The Government has indicated to Sky News that British consumers may have to pay roaming and data charges when travelling in the EU after Brexit, unless a deal can be reached.
British travellers have not had to pay these charges on their mobile phone bills since June 2017, when they were abolished after changes to European regulation. The costs were considerable – an estimated £350m per year.
Last week the Prime Minister confirmed that the UK would leave the EU’s Digital Single Market (DSM).
The DSM aims to eliminate digital regulatory barriers between EU member states, including data roaming charges.
The PM said in her Mansion House speech: The UK will not be part of the EU’s Digital Single Market, which will continue to develop after our withdrawal from the EU.
This is a fast evolving, innovative sector, in which the UK is a world leader. It will be particularly important to have domestic flexibility, to ensure the regulatory environment can always respond nimbly and ambitiously to new developments.
Until last week, the Government had not confirmed that Britain will be leaving the DSM.
The Department for Culture, Media and Sport has now confirmed to Sky News that this would likely entail the restoration of roaming charges, unless a deal could be reached.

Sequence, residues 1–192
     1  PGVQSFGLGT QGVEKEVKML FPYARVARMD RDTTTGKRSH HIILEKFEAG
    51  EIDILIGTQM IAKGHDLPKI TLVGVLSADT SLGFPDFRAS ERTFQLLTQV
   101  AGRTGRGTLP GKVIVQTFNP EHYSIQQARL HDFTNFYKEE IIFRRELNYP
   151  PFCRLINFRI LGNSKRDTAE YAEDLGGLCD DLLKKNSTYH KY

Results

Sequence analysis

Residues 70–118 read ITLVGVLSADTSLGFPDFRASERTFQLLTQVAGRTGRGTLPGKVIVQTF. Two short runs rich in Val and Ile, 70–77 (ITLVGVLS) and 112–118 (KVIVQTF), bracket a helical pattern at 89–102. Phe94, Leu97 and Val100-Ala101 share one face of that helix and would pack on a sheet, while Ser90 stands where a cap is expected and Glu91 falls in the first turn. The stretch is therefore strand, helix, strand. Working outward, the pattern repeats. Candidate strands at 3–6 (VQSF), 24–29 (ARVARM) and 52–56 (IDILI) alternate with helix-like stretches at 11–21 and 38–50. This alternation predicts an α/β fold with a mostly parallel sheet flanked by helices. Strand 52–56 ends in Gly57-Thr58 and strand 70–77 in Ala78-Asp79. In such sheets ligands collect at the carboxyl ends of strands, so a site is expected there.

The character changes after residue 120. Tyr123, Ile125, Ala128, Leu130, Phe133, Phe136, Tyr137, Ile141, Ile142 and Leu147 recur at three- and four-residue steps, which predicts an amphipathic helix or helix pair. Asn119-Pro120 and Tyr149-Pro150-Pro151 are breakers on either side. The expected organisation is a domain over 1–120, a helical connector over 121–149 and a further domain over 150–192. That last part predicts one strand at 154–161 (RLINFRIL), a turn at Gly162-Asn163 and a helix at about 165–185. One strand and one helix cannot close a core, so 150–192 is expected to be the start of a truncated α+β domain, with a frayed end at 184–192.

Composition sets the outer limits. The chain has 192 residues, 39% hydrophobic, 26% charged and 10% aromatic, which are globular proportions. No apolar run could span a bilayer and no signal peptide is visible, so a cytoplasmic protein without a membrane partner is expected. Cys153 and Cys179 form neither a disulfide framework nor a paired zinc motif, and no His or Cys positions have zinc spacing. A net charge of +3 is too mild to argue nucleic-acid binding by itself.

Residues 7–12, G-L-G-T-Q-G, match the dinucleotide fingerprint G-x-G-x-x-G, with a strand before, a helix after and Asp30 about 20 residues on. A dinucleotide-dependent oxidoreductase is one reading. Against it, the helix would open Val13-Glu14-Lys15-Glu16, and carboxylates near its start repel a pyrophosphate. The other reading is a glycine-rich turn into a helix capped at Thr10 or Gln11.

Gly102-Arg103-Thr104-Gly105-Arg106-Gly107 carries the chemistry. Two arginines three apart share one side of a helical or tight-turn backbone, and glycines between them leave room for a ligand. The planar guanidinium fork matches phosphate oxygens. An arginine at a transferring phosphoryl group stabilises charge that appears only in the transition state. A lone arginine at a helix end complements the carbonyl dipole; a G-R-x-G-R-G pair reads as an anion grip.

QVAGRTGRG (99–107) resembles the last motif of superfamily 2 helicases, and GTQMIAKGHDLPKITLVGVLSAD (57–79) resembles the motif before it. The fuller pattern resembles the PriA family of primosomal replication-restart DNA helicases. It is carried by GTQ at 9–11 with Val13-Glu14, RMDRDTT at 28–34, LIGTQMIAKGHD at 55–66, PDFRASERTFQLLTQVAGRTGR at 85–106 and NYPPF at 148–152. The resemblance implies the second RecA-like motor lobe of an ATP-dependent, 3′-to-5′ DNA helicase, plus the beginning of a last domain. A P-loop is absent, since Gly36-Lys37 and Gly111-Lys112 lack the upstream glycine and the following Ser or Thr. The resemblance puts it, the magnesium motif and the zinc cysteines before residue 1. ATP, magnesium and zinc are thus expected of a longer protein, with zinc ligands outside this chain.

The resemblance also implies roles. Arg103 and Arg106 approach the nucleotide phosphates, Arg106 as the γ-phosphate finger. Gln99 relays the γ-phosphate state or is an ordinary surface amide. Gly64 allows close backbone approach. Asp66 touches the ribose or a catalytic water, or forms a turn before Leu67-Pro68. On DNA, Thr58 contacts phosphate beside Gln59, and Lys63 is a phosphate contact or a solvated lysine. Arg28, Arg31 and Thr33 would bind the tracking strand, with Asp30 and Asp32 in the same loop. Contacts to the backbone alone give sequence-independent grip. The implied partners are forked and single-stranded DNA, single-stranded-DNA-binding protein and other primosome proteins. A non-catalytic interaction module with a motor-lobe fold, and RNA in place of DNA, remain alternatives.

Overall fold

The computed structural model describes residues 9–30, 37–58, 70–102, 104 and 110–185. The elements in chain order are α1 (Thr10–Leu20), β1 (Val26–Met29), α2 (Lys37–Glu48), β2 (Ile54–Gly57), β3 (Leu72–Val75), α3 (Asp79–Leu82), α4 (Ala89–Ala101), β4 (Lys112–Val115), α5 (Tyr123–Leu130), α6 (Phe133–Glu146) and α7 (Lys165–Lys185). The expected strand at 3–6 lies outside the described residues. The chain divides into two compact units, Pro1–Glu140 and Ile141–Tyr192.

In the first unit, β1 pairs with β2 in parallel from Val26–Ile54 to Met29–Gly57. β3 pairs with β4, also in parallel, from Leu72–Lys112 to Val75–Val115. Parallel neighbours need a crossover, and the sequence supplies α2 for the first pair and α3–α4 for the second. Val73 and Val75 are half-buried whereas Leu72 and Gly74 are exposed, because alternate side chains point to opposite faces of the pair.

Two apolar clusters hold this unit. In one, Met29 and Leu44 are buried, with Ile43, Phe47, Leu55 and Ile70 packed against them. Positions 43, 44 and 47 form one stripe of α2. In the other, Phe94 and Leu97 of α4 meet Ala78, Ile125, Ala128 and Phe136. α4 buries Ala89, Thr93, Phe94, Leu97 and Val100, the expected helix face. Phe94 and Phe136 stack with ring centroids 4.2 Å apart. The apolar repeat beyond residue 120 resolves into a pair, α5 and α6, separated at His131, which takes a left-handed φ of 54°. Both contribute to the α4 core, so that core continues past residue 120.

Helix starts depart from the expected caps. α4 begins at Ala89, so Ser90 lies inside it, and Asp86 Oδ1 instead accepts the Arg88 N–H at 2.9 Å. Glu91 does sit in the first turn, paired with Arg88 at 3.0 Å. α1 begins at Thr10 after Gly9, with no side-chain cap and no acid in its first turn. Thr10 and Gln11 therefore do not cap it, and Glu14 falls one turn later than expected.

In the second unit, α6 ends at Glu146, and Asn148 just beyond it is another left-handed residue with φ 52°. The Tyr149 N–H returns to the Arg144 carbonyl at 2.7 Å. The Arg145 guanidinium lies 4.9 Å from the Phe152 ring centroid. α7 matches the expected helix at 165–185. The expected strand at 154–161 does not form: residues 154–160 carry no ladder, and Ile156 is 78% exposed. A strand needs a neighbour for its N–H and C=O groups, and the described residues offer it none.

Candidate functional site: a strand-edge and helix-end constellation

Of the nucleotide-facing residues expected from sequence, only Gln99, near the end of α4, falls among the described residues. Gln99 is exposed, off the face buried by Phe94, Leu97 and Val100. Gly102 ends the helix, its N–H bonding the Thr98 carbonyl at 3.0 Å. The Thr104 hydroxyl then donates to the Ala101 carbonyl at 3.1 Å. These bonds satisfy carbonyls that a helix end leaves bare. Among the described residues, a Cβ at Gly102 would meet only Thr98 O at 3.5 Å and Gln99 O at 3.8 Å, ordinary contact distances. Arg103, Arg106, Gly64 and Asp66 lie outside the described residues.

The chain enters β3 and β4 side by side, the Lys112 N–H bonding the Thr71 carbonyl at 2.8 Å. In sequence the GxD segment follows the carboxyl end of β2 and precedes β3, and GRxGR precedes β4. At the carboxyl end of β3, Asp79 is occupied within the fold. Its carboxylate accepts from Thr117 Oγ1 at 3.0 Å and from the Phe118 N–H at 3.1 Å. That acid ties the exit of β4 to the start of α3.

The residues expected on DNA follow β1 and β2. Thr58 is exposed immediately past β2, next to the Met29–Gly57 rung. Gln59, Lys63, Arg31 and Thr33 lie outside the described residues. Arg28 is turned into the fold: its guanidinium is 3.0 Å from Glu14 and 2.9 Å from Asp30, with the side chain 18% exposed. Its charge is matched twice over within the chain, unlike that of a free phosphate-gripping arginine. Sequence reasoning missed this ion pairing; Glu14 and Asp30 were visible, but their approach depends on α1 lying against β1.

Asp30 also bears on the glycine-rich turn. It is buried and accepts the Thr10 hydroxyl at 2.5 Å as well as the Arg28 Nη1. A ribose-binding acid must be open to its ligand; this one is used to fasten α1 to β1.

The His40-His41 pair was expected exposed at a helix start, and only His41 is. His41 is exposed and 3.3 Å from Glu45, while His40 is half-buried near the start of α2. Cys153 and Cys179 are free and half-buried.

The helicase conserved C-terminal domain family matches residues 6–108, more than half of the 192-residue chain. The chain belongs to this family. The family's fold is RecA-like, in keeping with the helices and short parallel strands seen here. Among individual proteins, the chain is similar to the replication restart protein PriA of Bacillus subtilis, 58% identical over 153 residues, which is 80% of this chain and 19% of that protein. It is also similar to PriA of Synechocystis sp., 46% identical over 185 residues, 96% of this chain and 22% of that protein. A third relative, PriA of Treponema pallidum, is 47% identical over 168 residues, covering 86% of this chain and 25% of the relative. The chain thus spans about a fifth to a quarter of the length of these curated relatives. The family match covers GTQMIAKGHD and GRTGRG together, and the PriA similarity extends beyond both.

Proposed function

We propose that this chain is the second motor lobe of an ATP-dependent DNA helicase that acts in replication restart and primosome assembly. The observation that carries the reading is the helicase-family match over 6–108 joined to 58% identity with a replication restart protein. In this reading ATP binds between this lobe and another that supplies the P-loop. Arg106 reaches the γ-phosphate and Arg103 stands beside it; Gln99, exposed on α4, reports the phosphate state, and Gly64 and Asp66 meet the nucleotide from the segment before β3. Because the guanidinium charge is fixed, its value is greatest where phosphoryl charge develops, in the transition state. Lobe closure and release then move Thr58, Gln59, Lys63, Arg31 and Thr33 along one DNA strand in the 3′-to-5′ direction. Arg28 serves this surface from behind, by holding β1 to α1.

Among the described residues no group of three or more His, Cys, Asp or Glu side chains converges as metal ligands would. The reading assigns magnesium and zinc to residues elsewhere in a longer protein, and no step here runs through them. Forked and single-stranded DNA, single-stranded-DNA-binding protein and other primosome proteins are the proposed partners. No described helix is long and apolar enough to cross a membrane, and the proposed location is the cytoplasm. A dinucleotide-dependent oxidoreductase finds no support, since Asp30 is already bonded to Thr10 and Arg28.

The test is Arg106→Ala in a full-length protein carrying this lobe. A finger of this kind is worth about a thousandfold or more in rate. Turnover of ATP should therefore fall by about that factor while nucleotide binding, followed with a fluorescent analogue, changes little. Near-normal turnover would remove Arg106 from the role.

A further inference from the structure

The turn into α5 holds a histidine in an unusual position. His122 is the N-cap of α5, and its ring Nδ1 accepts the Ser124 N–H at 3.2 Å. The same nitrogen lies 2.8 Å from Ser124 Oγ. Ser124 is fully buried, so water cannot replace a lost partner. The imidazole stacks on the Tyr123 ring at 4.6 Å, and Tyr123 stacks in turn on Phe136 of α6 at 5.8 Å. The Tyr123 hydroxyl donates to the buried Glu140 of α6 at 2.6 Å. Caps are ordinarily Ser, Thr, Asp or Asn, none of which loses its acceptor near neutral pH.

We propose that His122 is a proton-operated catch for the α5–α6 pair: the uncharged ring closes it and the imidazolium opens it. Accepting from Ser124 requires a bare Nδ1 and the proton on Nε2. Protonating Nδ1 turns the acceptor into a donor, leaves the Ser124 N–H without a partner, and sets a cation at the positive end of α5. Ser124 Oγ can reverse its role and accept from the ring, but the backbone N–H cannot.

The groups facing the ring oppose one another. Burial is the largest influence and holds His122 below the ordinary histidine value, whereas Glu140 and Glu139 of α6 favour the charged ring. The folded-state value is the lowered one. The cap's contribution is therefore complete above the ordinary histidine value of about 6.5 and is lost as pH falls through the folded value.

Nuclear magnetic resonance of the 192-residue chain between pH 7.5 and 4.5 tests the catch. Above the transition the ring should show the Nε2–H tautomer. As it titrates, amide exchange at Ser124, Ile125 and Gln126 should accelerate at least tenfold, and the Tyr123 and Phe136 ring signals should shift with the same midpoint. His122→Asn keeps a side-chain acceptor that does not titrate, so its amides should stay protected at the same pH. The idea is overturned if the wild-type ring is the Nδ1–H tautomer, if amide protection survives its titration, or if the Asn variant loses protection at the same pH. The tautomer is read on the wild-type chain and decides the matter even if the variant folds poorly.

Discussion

A spokesman said: The Government is committed to securing the best deal for British consumers.
Arrangements on mobile roaming would be subject to any negotiations, however, a future partnership between the UK and EU is clearly in the interests of both sides.
The Government also said that consumers will have become accustomed to enjoying their mobile phones without extra charges for over two years by Brexit day and that this would drive consumer expectation and behaviour.
They also pointed to the fact that two operators, Vodafone and Three, have publicly committed to not reimposing charges.
However, this idea has not been viewed favourably by most telecoms companies.
In late 2016, Sharon White, Chief Executive of Ofcom said that leaving the EU without putting alternative arrangements in place would mean our mobile operators may be exposed to unfair costs, and our people and businesses could end up paying more than our European neighbours.
The House of Commons European Scrutiny Committee has also said it does not believe that mobile operators will be able to choose not to reimpose charges – technical reasons will mean their operating costs will be pushed up considerably after being pushed out of the European regulatory framework.
In terms of finding other arrangements, there really is no precedent for extending roaming charge abolition to non-EU countries.
One suggestion has been a bilateral agreement between the EU and the UK, but EU Commissioner Günther Oettinger told the European Parliament that a standalone UK-EU roaming agreement would be in breach of World Trade Organisation rules.
Another idea has been adopting the status quo into a Free Trade Agreement, however, no free trade agreement to date has incorporated roaming regulation.
That is even the case with Switzerland which enjoys extensive economic links and integration with the EU.
The only countries which enjoy travelling without roaming charges in the EU are countries like Norway, Iceland and Liechtenstein but they are in the single market through membership of the European Economic Area (EEA) and the PM has ruled this out for Britain.
British travellers may have to start thinking about leaving their phones on airplane mode beyond the tarmac of the runway.
(c) Sky News 2018: Roaming charges may be back after Brexit